Whose Will is it Anyway?
Do you really want to know God’s will? And to do it?
For Jacob, it could be a foregone conclusion to move the family from a land of famine to a land of life and opportunity. That’s been the way of human migration for millennia. But most of all, his darling son Joseph is alive in Egypt! That, if anything, would have been enough for the old patriarch to pack up and go (Gen. 45:28). Even if it means living in a land where the natives just want to stay away from you, Jacob is prepared to put up with that.
But wait, Jacob does something unusual — He does a stopover at Beersheba, and offers sacrifices to God. That’s the place where his granddad Abraham called on the Lord once (Gen. 21:33), and so too did daddy Isaac (Gen. 26:25). Jacob does have reason to be concerned. His granddad went to Egypt once because of a famine, and got himself into trouble (see Gen. 12:10-20). And what about the Promised Land of Canaan? I can picture him saying to God, “God, what’s going on? Is this a good idea? What’s going to happen to your promises? I really want to know Your will on this matter.”
Then God responds in a special appearance (never to happen again until the Burning Bush incident 400+ years later). Jacob gets the assurance he needs. First, no change in plans. The God of his father still means to keep His covenant promises. In fact, the going-to-Egypt idea is part and parcel of God’s great big plan (Gen. 46:3). Second, EMMANUEL — God will be with him, even in Egypt.
That’s all he needed to know, so to Egypt he would go.
What about us? How do we come to know God’s will? That was the big question raised during the sermon.
Jacob relied on God’s history of special appearances. Once he knew his plans fit into God’s big plan, everything was good to go. Today we don’t have such special appearances. God could ‘show up’ if He wanted to, but in a sense we don’t need that, because His big plan has already been revealed in His Word! God’s will is centred on His Son, and it is perfectly obeyed by Him (John 5:30, Heb. 10:7). So, if you want to know what God’s will is, and what obedience would look like, look to Jesus.
Very often I suspect the real problem for us is whether or not we want to do His will. The apostle Paul once asked, “For am I now seeking the approval of man, or of God? Or am I trying to please man?” (Gal. 1:10). If we are honest, we could catch ourselves many times trying to please man and persuade God! We may be prone to praying, “Hear, Lord, your servant is speaking”, rather than, “Speak, Lord, your servant is listening.” (1 Sam. 3:10).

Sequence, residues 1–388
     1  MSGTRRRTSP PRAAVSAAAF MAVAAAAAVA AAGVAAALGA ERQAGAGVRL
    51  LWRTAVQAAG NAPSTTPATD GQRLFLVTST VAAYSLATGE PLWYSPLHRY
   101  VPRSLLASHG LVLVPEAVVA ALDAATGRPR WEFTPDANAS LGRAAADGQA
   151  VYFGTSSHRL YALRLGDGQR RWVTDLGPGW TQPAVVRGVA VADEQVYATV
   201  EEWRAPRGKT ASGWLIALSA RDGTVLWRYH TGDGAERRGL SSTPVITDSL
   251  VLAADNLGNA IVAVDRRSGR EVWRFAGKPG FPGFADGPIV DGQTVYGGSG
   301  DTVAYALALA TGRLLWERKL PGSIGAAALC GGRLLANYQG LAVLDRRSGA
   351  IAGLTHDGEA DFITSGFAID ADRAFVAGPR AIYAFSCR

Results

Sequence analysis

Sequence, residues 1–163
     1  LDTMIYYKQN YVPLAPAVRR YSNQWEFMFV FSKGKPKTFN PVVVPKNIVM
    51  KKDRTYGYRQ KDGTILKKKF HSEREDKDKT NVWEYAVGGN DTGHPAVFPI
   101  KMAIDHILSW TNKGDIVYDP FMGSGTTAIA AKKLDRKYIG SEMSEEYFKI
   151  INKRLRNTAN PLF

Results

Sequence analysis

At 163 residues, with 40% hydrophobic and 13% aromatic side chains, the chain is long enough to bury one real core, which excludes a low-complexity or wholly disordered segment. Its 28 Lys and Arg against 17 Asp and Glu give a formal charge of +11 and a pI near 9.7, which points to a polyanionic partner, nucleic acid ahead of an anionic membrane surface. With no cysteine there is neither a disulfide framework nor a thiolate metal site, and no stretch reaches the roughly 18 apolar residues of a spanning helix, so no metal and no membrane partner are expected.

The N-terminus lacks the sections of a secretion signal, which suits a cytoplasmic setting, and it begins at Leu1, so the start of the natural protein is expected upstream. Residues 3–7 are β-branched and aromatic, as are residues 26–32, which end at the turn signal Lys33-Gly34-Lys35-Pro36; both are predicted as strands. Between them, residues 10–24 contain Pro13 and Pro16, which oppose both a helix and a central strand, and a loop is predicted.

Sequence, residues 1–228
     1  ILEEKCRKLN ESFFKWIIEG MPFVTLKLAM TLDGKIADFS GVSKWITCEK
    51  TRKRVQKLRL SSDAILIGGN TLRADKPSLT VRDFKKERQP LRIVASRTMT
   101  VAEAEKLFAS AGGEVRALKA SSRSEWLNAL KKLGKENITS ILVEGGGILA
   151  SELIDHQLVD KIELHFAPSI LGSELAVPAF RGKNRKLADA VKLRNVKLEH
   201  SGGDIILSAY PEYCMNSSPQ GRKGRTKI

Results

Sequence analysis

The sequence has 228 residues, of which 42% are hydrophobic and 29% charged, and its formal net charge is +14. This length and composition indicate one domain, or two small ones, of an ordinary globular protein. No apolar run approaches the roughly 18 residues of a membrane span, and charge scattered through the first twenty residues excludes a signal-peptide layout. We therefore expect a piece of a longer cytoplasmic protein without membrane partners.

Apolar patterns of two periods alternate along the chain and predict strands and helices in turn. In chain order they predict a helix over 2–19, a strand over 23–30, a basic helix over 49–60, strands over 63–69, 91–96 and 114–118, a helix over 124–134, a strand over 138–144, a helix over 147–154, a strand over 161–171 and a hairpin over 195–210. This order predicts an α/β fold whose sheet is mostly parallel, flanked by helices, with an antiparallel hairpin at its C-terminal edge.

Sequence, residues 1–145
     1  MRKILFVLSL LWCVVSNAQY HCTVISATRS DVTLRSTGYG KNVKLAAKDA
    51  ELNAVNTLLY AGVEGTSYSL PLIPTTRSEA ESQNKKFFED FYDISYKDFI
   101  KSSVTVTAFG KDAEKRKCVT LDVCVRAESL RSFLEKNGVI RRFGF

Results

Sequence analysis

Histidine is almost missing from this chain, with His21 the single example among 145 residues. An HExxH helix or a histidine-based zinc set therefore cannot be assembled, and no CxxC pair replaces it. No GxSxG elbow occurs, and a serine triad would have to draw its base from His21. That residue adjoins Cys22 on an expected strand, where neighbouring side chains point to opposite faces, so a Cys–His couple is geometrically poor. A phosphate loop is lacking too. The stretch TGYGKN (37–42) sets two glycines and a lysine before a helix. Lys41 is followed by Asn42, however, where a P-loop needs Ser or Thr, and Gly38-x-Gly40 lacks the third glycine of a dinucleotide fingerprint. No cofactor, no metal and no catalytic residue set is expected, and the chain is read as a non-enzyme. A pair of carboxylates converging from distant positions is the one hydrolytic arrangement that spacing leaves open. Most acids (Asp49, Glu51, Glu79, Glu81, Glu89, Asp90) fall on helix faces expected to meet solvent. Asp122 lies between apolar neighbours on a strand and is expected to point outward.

Let’s be prepared to examine ourselves and ask the hard question: “Going by the way I live my life and make my decisions, whose will is it anyway?”
It is our calling to live no longer for human passions but for the will of God (1 Peter 4:2). What’s more, the true family of God, the ones Jesus will call brother and sister, are those who do His will. (Matt. 12:50)
The interesting thing is this: if you sincerely wonder what God’s will is, well, desiring to do God’s will will lead to insight into what it is (John 7:17). As we turn away from what this world trumpets as being good and worthy, and allow the Spirit of God to renew our minds and transform our view of things, we will come to better discern the will of God (Rom. 12:2), which is truly good. As we yield to the Spirit (who knows God’s will inside out), we will learn to pray in ways that are in line with God’s will, with His great big plan. Just as Jesus did.
As practice, here are some suggested ways to begin praying:
“Your kingdom come. Your will be done, on earth as it is in heaven. Start with me.”
“Send revival, Lord, and transform this world. Start with me.”
“Arouse this church to reach out to the Bishan neighbourhood. Start with me.”
“Speak, Lord, your servant is listening.”
And, dear brother and sister, be fully assured of this (from Rom. 8:28): that for you, His beloved child, God’s will is GOOD.